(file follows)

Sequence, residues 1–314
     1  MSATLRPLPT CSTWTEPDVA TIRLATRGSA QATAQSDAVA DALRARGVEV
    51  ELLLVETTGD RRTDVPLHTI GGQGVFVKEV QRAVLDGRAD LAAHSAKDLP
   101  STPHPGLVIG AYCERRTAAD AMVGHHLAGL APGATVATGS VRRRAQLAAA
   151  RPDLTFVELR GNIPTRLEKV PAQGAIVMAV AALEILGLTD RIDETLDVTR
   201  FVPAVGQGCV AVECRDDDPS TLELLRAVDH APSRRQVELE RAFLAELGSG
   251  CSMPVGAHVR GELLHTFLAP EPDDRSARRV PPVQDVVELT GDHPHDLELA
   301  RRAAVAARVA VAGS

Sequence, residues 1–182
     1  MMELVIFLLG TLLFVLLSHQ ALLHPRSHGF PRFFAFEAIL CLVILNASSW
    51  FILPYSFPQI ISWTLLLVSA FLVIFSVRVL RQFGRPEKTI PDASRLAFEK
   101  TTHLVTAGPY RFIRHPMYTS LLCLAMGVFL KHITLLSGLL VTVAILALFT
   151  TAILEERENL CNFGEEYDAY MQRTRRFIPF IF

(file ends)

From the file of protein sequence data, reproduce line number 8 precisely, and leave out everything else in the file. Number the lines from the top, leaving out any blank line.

   301  RRAAVAARVA VAGS